Smart Takes

Speech recognition: a productivity boom ahead?

Posting in Environment

If tech vendors and automakers have their way all apps will be speech enabled and armed with the ability to hop between settings. The big question is whether a productivity boom will follow?

If tech vendors and automakers have their way all apps will be speech enabled and armed with the ability to hop between settings.

The big question: will a productivity boom follow?

In my travels on SmartPlanet and ZDNet, it's almost impossible to avoid the fact that speech technology is becoming mainstream. IBM's Watson---a supercomputer that's a Jeopardy phenom---would be nowhere without speech recognition.

And then there's the following developments:

  • Automobiles are increasingly becoming app environments. Ford, Toyota and others are starting to app enable the interiors of their cars. This connectivity will mean that smartphones and cars will increasingly be intertwined. Speech technology is the only way to applify cars safely.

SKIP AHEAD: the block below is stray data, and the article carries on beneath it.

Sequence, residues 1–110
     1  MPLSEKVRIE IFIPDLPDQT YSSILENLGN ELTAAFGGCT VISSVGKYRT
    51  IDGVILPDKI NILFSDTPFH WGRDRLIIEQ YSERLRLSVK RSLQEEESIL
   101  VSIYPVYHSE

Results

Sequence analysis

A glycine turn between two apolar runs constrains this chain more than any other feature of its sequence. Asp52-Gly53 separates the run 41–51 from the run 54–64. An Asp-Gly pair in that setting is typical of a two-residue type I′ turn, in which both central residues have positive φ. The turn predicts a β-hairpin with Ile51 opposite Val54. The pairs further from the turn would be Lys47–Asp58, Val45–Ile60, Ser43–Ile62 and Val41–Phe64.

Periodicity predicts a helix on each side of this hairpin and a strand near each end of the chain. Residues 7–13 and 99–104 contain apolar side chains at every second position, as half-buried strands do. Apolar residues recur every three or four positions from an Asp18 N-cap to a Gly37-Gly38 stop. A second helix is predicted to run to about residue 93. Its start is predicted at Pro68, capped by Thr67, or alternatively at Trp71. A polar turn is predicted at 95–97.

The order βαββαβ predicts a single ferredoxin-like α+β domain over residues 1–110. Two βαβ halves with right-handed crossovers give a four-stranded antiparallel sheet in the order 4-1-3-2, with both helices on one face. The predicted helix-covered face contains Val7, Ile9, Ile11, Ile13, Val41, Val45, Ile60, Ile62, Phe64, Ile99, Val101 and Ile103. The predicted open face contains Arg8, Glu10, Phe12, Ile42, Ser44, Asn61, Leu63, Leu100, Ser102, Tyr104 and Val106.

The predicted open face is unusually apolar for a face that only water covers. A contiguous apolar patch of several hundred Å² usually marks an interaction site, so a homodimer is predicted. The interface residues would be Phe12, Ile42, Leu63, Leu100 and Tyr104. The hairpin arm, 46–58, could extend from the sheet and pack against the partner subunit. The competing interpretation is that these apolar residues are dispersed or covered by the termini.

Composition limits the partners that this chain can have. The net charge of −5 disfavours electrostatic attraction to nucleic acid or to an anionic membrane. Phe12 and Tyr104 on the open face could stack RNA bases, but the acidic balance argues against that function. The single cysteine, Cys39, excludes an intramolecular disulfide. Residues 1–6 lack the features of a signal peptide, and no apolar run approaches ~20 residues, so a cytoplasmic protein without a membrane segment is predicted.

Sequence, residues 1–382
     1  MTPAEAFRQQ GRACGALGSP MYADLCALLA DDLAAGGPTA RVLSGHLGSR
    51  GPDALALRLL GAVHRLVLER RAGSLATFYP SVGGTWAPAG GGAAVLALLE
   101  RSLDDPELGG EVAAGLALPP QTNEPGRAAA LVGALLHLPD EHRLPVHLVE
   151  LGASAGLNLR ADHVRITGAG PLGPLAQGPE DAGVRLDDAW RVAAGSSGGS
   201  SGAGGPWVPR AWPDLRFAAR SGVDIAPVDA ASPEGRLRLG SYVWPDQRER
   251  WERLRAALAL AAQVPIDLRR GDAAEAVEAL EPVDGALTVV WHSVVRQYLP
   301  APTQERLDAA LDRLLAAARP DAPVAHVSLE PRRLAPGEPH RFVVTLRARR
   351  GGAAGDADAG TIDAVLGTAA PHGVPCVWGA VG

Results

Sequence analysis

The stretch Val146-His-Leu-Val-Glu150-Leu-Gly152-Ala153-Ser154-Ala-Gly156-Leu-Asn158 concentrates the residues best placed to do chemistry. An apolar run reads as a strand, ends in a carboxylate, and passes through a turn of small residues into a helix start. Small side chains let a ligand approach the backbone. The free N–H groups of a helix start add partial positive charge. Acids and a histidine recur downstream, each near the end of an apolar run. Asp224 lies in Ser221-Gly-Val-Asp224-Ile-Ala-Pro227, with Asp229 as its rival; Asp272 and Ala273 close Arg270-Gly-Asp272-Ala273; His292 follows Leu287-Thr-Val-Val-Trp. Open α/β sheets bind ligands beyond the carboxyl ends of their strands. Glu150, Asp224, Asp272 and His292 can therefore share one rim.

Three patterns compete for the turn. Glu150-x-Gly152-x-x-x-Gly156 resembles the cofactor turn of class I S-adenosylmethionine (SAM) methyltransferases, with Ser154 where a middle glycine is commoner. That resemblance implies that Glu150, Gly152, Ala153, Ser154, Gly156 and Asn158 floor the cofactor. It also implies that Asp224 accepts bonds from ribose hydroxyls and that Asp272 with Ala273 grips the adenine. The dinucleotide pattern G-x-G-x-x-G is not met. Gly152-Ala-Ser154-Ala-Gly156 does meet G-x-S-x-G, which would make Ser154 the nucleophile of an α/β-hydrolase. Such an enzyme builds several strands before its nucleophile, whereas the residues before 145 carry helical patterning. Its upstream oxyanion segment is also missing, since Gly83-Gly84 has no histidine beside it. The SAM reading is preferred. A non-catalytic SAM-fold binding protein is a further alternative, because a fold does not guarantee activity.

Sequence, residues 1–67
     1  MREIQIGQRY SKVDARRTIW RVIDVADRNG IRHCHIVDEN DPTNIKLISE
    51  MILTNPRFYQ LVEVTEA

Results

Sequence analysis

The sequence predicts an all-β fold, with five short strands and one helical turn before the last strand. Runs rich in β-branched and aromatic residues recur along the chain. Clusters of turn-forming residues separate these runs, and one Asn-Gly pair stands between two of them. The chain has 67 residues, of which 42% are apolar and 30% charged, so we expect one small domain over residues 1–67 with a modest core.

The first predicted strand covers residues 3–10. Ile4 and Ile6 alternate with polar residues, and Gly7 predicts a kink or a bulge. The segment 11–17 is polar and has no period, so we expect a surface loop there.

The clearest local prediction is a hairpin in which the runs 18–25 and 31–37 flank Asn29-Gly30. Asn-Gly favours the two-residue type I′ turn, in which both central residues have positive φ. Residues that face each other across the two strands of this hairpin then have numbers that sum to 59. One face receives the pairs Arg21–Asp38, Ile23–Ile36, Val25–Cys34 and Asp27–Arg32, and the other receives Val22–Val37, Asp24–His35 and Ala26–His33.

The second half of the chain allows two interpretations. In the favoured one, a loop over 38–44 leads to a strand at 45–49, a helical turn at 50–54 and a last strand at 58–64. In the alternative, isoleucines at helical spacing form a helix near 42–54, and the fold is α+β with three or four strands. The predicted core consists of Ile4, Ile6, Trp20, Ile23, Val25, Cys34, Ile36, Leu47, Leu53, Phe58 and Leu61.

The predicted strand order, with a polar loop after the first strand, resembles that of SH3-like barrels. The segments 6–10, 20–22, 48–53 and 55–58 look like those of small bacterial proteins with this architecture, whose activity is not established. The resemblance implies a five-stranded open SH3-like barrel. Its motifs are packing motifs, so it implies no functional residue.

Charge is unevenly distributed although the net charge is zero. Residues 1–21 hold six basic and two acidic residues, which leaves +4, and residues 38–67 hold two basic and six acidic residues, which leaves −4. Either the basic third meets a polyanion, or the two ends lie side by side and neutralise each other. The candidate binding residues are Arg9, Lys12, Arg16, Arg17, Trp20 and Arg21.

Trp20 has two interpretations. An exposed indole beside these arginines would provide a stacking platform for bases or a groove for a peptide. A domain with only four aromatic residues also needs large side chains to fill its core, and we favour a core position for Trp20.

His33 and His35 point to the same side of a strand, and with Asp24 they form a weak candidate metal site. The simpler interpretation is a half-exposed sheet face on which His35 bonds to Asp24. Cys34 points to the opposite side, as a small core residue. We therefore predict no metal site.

• Speech apps are starting to surface from the likes of Amazon, Dictionary.com and SpeechTrans.
  • Voice to text technology is becoming standard in many smartphones phones.
  • In some verticals such as healthcare, voice recognition and speech-to-text technologies are at the heart of the IT revolution. After all, doctors dictate a lot more than they type.

Toss in the fact that companies like Nuance are trying to entice app developers with software development kits and you can see the day where everything is voice enabled.

When that happens, apps will hop from setting to setting. In theory, there should be some gains to productivity.

What are your thoughts?

Share this

Larry Dignan

Editor-in-Chief

Editor-in-Chief Larry Dignan is editor-in-chief of SmartPlanet and ZDNet. He is also editorial director of TechRepublic. Previously, he was an editor at eWeek, Baseline and CNET News. He has written for WallStreetWeek.com, Inter@ctive Week, New York Times and Financial Planning. He holds degrees from the Columbia University Graduate School of Journalism and the University of Delaware. He is based in New York but resides in Pennsylvania. Follow him on Twitter. Disclosure